And the limo bus will be traveling in Tokyo traffic. You can time the Narita Express nearly to the second. You cannot time driving through a metropolitan area of 25-30 million people that well.
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Old Jun 3rd, 2009, 09:58 AM
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I didn't say the Nozomi r/t trip idea was the cheapest. I just said that is the way I would go for my first trip. I would not take the NEX with 5 people with luggage on my first trip to Japan but as I said, thats just my opinion
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Old Jun 3rd, 2009, 10:10 AM
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There were six of us including three kids on our trip to Japan last year. We had JR passes and took the NEX upon arrival. It all worked well until we got to Tokyo station. Three level chess in a dark room. Very confusing.

We went to Kyoto on a Hikari. The train ride is quick and definitely worth it.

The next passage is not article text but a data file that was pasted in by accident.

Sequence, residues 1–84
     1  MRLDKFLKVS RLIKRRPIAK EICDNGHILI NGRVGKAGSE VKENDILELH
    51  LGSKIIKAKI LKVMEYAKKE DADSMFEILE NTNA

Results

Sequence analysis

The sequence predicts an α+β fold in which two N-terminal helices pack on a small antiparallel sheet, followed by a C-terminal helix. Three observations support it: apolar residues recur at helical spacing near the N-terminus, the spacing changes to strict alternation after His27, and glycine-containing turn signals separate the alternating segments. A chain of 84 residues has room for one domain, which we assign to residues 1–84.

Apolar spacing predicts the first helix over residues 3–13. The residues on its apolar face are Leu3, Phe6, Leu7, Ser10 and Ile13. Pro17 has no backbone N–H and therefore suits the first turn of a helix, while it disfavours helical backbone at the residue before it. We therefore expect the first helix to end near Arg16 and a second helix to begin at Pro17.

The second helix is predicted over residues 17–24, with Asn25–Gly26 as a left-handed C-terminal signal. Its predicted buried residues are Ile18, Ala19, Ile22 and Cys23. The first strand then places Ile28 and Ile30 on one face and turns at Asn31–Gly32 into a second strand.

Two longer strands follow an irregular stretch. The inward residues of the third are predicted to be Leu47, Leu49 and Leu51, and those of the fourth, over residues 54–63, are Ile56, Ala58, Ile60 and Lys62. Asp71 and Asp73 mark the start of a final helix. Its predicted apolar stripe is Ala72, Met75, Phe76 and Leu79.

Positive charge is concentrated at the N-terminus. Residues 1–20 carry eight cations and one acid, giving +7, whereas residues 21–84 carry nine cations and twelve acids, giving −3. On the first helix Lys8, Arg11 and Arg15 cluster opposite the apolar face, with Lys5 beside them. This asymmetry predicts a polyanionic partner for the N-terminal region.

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Old Jun 3rd, 2009, 11:54 AM
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Using the Narita Express would be the travel in addition to Kyoto that would make the JR Pass an economical option. There are several good reasons for taking the limo bus (or not), but having decided to take the bus then you don't need a JR Pass, imo.

The Chuo and Yamanote lines that BigRuss mentioned are the ones that I referred to in my earlier post as being very useful in Tokyo.
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Old Jun 3rd, 2009, 12:19 PM
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We have used our JR passes everytime we have travelled in Japan. Our most recent the month of May. We got the Narital Express out of Narita International Terminal #2 direct to Shinjuku Station. Just go to the JR ticket office with your passes in hand and they will give you tickets direct on the NEX.

Depending on the time you arrive the JR office is open until 1900 and you can activate your passes then. If not the ticket office across the way can help you it just might take a bit longer.

The Narita Express is very accomodating for anyone with luggage. All seats are reserved. There is an area as you enter the car to store any big luggage. The overheads accomodate your carry-ons and if not leg room is more than adequate to put between you and the next seat. Once you're at Shinjuku especially if its your first time then calling a cab/or cabs to take you to your hotel is the best bet.